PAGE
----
CINCINNATI (AP) — Ohio Gov. John Kasich condemned the slayings of police officers Sunday while urging that people work together for healing in a speech sprinkled with biblical references at the NAACP national convention.
Three officers were killed earlier Sunday in Baton Rouge, Louisiana, in the latest violence involving police across the country, and the Republican said he learned just before taking the stage Sunday evening of the shooting of a police officer in Milwaukee. That officer was seriously wounded, police said.
"And I know everyone in this ... auditorium condemns these terrible murders," Kasich said, as his audience burst into applause. "The Lord wants us to heal. The Lord wants us to work together. The Lord doesn't want violence."
In his address Sunday evening, Kasich described his Ohio initiative for a statewide collaborative effort on police-community relations. The bipartisan special board, which grew from a series of police shootings of blacks in the state, has been working on statewide policy for use of deadly force, improving recruiting of police to reflect more community diversity, developing data collection, and improving police-community understanding from both sides.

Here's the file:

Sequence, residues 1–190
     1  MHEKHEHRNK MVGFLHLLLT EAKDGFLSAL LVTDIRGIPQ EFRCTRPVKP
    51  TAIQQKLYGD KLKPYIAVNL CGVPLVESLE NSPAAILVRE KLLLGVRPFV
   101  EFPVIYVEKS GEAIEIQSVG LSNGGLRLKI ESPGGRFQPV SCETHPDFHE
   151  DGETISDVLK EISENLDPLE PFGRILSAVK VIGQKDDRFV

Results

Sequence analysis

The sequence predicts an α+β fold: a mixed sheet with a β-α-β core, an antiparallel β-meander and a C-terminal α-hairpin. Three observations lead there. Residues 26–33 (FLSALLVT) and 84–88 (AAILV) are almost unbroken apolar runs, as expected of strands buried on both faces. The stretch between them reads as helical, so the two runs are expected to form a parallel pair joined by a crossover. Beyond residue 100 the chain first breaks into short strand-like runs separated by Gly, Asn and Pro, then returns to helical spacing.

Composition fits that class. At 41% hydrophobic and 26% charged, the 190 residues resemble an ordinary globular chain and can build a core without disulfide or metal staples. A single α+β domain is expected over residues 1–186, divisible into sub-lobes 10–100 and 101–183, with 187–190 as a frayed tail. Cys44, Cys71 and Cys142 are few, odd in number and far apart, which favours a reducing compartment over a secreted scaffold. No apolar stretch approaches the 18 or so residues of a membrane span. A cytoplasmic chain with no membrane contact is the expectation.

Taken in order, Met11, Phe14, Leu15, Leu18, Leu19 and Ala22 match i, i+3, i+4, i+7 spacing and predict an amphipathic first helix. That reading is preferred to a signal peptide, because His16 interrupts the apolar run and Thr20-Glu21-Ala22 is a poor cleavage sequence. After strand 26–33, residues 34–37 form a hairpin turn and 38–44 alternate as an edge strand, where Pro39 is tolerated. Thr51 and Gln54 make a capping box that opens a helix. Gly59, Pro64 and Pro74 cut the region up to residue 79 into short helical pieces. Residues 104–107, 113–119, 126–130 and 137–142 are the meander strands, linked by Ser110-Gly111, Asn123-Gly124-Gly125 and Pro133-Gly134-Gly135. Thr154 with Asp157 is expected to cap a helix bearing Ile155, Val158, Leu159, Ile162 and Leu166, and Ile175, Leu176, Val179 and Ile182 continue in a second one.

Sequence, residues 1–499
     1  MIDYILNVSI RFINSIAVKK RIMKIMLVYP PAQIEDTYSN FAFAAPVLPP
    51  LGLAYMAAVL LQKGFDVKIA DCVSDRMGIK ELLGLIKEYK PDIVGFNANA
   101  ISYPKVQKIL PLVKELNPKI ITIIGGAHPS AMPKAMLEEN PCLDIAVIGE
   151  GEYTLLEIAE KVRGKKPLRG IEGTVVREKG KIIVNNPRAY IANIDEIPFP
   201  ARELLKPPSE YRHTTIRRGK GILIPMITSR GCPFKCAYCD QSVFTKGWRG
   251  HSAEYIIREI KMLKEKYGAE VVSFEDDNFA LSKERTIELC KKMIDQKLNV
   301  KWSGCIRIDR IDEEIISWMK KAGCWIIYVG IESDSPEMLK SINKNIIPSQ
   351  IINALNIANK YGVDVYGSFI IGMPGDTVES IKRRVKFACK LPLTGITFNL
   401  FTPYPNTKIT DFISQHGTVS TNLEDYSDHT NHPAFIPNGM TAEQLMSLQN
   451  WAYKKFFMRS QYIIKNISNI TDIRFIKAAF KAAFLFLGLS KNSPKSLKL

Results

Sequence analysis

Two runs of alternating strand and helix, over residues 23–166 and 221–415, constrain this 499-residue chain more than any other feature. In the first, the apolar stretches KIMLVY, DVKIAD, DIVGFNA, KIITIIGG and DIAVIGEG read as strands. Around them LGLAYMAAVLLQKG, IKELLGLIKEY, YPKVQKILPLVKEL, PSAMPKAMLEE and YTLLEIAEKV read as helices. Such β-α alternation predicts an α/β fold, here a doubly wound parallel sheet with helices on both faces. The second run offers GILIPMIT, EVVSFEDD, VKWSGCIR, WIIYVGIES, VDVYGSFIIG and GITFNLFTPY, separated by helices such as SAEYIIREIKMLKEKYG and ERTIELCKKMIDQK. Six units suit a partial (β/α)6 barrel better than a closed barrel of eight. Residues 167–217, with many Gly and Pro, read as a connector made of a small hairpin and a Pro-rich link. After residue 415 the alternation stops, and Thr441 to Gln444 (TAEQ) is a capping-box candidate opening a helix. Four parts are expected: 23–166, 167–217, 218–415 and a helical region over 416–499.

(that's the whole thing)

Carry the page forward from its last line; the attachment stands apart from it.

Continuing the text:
Presumptive Democratic presidential nominee Hillary Clinton will speak to the convention Monday morning. GOP presumptive nominee Donald Trump turned down the NAACP's invitation, with the Republican National Convention starting Monday in Cleveland.
Kasich, who opposed Trump for the GOP nomination, has declined to endorse Trump and won't speak at his party's convention in his home state. Kasich has disagreed with Trump's attacking style and presented himself as a more unifying, positive candidate.
"See, I think we all want the same thing," Kasich said. "We all want our children to do well. We all want peace and tranquility in our neighborhoods."
At a convention that warmed up for its evening session with rousing gospel music, Kasich quoted from the Bible: "Love God; love your neighbor, as you love yourself. ... Think about what that means in the way we approach others; even those that we may not agree with. Or some that we significantly disagree with."
The audience applauded several times during his speech and at the close. Republican presidential nominee Mitt Romney got booed at the 2012 NAACP convention when he told attendees he'd be better for black families than President Barack Obama had been.
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